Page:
The South African National Parks said in a statement today the Karoo lion known as Sylvester which had escaped the park for a second time would not be immediately shot.
“SANParks wishes to reassure members of the public that measures are in place to safely capture the lion that escaped from the Karoo National Park earlier this week.
“A statement was released prematurely on Tuesday, March 29, 2016 and SANParks apologises to the public for the incorrect statement, which did not accurately reflect the organisation’s position,” the entity said.
However, SANParks said it would like to make it known to the public “we are dealing with a dangerous and ever changing situation, and as such decisions related to the capture of the lion will be informed by the situation at the moment of capture.”
The lion is currently roaming a remote mountainous area and it is hoped that it will not encounter humans. SANParks noted where there is livestock, which it is most likely to prey on, there was a strong possibility there may be humans in the vicinity.
“Thus, the people in the local area are asked to exercise extreme caution. SANParks further reiterates that members of the public should not approach the animal,” said the statement.
Outrage was sparked on social media when it came to light SANParks was apparently going to shoot the “damage-causing animal” however it is considering a number of options once it is captured “in line with the Norms and Standards for the Management of Damage-Causing Animals”.
The options include:
• Bringing the lion back to the park and looking at improving on fencing and other preventative measures
• Translocate the lion to another national park
• Donate the lion to another state owned conservation entity
• Donate the lion to a private conservation entity
• Euthanise the lion if the damage caused is massive and may include danger to people and/or loss of human life, and massive loss of assets.
Specifically, said SANparks, the loss of human life poses an even greater danger as the animal may lose fear for humans and see them as easy prey.
“In considering these measures to deal with damage causing animals we should be aware of the reality that such an animal can pose a very real danger to human life. Our actions in this regard are in line with international norms and standards,” added SANParks.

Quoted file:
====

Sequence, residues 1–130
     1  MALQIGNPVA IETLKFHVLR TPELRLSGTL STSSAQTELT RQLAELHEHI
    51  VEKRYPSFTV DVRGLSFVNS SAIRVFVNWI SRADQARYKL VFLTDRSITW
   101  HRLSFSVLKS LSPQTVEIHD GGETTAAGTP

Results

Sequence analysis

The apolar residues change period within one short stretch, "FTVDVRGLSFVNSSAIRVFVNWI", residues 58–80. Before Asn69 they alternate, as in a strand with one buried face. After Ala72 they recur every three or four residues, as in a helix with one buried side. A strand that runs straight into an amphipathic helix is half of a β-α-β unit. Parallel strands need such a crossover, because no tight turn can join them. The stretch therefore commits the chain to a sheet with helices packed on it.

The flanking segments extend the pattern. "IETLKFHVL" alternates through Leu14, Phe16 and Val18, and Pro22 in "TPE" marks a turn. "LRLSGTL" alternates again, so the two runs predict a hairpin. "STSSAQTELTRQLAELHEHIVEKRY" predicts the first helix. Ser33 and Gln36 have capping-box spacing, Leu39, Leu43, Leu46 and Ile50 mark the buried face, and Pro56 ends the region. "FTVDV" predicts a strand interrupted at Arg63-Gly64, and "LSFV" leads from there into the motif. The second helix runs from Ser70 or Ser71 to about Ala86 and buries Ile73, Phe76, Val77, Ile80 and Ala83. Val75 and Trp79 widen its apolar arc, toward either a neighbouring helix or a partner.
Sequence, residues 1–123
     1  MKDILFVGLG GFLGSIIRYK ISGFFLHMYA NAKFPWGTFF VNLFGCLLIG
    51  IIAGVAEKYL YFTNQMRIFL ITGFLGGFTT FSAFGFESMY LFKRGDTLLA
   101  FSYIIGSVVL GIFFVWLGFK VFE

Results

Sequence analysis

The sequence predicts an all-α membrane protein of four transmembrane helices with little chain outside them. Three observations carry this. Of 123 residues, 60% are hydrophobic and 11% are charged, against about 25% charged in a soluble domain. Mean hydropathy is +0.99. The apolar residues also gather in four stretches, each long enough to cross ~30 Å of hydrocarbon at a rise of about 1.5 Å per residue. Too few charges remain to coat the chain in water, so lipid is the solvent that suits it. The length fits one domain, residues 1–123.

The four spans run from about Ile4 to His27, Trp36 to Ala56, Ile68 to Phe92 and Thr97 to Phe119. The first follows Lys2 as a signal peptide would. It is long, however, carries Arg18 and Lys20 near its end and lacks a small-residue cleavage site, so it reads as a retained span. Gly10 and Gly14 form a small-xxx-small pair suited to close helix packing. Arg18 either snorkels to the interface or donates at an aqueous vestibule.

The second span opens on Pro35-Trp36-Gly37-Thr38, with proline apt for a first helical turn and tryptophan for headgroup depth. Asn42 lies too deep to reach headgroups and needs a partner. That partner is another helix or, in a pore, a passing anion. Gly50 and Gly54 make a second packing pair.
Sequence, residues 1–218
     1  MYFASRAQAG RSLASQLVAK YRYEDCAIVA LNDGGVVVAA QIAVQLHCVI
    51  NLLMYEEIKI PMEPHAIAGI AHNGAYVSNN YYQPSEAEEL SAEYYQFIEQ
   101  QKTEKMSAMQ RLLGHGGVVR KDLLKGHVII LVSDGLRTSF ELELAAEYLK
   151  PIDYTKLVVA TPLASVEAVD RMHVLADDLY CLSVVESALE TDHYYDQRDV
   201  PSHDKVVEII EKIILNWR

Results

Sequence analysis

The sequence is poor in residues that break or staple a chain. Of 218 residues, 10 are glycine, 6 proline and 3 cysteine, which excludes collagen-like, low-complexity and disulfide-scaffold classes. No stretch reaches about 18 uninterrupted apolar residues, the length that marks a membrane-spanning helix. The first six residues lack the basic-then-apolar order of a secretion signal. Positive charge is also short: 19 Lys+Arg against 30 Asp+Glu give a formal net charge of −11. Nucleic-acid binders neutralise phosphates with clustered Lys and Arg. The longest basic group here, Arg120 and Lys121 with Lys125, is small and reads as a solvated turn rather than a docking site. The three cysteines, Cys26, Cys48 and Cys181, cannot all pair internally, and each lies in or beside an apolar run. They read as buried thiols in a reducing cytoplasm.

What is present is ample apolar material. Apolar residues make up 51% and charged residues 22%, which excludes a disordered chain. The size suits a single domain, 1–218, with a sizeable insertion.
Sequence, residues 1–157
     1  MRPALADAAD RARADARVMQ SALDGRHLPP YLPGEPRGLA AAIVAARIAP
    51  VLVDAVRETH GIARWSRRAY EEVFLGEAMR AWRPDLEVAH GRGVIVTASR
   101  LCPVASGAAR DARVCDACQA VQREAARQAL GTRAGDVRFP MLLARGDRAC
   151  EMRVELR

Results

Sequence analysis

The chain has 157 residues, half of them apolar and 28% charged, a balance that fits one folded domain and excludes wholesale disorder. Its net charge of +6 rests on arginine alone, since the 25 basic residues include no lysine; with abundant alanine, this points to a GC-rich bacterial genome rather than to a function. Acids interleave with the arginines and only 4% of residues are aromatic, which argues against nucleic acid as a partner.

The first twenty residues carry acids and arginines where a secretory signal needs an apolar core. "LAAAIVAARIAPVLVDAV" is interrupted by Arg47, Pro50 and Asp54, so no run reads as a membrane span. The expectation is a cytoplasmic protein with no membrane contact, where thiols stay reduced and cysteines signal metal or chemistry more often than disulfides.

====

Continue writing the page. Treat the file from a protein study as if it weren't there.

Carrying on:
The organisation said there were a number of challenges related to capturing Sylvester, not least of which was difficult and mountainous terrain.
Due to extremely windy conditions on the ground the aerial search had to be abandoned yesterday. “Further, today the aerial search cannot be conducted due to other pressing commitments for the aircraft.
“Secondly, though the team of rangers sent out to search for the lion are experienced in tracking animals in the bush the situation on the ground continues to pose a real danger of a possible ambush by the animal.”
SANParks said any decision on Sylvester’s future would be “responsible, well thought out and in line with applicable practices, policies and legislation. SANParks is confident that the animal will be captured safely soon.
“We want to also take up this opportunity to thank up the numerous South Africans who have stepped up to the podium offering various solutions and alternatives to resolve the challenges posed by the second escape of the lion.”
The three year old male lion previously escaped from the park in June 2015 through a hole in the fence, after heavy rain in the area. According to reports received by SANParks this time the animal escaped by crawling under an electric fence after heavy rains in the area once again.
“We are aware that some members of the public have been alarmed by reports that the animal will be euthanized, but no decision can be taken until the animal is safely captured,” said the statement.